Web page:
In my last article “Chinese IntelliCAD developer takes on Autodesk“, I mentioned my investigations on GreatStar Software’s claims of cloning 95% of Autodesk’s ObjectARX SDK. I finally managed to get the developer version of GStarICAD 2007. As espected, the developer version came with their ObjectARX clone, bascially a bunch of headers (.h), static libraries (.lib) and dynamic libraries (.dll) files.
Next I set out to recompile one of our AutoCAD plug-ins with the cloned libraries. If all went according to plan the recompilation would eventually yield a GStarICAD plug-in. But that was not to be. The Half Chinese Half English Word document they sent me was hopelessly out of date. The file names specified in the doc did not match the files in the SDK. After some trial and error I finally put some parts in order. I had to eventually give up when the compiler started looking for a header file which was nowhere to be found in the SDK. I have now asked them for the source code of a working sample plug-in that actually compiles, builds and runs in GStarICAD 2007.
I am quite sure that their ObjectARX clone works for them. But the point is the it should work for us, the third party developers, for whom it has been developed. And the process should be simple, straightforward and well documented. I do not have the time nor the patience to figure things out on my own, and that too in Chinese.
This brings me to an important point. The new IntelliCAD’s which are coming out with their own ObjectARX clones need to woo two sets of people. One set is the AutoCAD users who must be convinced to move to the AutoCAD clones. The second set is the third party developers that must be convinced to use the ObjectARX clones to help the first set of people make the move. If third party developers do not bite, neither will most of the AutoCAD customers. And they be find themselves in exactly the same position that they have been all these years.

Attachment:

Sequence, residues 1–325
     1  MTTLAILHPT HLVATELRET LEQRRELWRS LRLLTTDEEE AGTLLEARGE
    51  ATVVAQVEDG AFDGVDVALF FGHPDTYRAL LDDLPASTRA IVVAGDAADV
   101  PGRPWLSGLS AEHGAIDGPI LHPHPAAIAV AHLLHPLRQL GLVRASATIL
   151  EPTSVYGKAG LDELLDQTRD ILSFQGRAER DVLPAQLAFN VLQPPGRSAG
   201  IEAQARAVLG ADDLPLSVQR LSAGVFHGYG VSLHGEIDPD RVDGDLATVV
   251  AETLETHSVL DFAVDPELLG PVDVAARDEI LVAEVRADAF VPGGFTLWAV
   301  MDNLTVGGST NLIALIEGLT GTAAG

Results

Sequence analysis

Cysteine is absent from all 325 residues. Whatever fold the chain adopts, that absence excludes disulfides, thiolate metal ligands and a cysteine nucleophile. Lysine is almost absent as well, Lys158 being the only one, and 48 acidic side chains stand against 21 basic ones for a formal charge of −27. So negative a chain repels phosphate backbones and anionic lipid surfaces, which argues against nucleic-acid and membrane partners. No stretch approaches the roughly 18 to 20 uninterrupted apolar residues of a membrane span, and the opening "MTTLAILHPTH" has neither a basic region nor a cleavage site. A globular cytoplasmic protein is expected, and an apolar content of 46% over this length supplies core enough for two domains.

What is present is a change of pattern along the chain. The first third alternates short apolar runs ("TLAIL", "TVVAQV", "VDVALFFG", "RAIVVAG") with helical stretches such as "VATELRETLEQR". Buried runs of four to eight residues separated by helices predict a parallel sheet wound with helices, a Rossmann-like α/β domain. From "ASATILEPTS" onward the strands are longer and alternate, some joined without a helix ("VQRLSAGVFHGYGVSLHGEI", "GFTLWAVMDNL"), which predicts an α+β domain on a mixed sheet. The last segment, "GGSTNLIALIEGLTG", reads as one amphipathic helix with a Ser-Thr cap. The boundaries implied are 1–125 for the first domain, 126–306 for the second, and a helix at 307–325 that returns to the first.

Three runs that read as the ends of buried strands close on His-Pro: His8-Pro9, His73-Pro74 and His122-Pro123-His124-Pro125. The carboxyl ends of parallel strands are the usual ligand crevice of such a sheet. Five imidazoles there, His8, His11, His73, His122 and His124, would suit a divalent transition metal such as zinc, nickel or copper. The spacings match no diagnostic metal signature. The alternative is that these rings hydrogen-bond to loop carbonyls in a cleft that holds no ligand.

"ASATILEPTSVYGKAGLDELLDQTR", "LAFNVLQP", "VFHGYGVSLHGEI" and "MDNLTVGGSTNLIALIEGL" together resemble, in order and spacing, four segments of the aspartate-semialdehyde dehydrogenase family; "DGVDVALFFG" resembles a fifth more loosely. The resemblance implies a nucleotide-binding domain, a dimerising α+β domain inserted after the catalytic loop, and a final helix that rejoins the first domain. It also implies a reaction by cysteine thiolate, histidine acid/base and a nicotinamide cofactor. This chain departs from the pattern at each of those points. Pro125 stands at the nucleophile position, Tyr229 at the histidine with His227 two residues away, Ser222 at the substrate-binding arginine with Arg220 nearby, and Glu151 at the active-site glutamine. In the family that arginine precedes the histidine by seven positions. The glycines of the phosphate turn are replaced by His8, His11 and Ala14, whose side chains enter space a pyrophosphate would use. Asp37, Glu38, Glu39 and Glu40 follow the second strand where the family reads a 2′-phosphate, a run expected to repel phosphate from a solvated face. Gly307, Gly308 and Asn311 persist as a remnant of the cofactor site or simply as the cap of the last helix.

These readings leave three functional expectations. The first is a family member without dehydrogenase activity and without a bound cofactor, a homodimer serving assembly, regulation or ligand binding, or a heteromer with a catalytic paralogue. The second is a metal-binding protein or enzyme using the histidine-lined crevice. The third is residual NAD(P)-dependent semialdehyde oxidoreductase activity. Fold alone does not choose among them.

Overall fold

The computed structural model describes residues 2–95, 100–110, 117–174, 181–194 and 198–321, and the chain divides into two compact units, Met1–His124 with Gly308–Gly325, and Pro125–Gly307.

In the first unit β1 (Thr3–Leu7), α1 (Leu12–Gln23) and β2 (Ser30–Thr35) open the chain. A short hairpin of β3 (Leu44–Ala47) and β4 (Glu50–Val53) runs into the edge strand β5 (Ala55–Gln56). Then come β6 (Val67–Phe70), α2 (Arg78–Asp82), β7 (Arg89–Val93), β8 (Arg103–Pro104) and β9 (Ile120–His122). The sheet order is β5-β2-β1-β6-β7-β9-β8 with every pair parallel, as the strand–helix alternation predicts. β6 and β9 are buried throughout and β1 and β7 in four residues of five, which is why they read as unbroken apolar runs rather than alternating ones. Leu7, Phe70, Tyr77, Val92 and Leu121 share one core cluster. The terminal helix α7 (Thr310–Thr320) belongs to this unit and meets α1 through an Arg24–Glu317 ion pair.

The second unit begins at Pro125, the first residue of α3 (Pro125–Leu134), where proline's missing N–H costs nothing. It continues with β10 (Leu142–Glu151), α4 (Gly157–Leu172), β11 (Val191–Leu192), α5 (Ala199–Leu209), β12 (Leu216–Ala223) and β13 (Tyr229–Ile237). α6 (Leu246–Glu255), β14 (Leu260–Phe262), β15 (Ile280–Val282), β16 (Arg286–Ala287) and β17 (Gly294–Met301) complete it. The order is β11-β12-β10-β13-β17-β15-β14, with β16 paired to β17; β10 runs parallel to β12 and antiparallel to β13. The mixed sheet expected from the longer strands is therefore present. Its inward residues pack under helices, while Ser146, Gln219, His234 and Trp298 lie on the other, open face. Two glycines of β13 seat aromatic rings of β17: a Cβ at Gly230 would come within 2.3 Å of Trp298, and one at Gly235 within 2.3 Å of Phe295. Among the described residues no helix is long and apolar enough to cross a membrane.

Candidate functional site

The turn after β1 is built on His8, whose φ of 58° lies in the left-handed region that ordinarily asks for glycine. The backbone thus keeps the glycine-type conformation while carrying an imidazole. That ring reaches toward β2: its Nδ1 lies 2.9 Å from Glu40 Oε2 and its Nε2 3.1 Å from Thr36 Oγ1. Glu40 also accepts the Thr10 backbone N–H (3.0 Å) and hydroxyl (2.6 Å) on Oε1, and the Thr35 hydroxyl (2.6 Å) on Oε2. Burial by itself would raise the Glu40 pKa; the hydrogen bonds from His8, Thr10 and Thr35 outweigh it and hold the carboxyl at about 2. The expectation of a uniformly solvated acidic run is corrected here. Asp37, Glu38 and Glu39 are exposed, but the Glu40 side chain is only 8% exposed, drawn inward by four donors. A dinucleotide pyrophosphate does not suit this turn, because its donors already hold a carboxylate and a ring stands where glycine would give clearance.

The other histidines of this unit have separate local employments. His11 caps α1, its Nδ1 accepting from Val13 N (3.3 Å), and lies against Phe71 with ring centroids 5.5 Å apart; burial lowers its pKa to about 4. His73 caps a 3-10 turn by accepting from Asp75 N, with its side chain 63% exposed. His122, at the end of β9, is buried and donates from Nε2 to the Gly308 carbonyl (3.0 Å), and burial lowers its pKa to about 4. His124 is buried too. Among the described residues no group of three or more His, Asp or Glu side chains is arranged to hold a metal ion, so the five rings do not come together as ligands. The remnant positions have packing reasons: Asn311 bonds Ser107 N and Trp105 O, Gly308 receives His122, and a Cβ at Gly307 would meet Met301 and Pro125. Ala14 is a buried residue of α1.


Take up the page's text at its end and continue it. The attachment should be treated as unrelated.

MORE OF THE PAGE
I am far from impressed with GreatStar Software’s ObjectARX clone. Their web site says a lot about their ObjectARX clone but nothing about how to get it. Their Chinesenglish document titled “Re-developing Manual” (whatever that means) is virtually useless. Their SDK does not come with any sample programs. That’s the recipe for a programmer’s perfect storm.
While I was fiddling around with GreatStar Software’s ObjectARX clone, I noticed something that may interest Autodesk’s lawyers. As I mentioned earlier, the SDK contains header files. These are the exact same header files that come with Autodesk’s ObjectARX SDK, complete with Autodesk’s copyright notice. And it is this copyright notice that adds a twist. Here it is.
(C) Copyright 1993-1999 by Autodesk, Inc.
Permission to use, copy, modify, and distribute this software in object code form for any purpose and without fee is hereby granted, provided that the above copyright notice appears in all copies and that both that copyright notice and the limited warranty and restricted rights notice below appear in all supporting documentation.
Let’s analyse this a little. “Permission to use, copy, modify, and distribute this software in object code form for any purpose and without fee is hereby granted“. The phrases “any purpose” and “without fee” will certainly sound good to GreatStar Software. But what about “object code”? As far as I know, header files are not object code. They form part of the source code. Object code is the static and dynamic libraries (.lib and .dll files) which GreatStar Software does not seem to be distributing. Source code is any sequence of statements and/or declarations written in some human-readable computer programming language. It is quite obvious that the header files being distributed by GreatStar Software in their ObjectARX clone are actually part of Autodesk’s source code.
I can hear Autodesk lawyers grinding their axes already. Can you?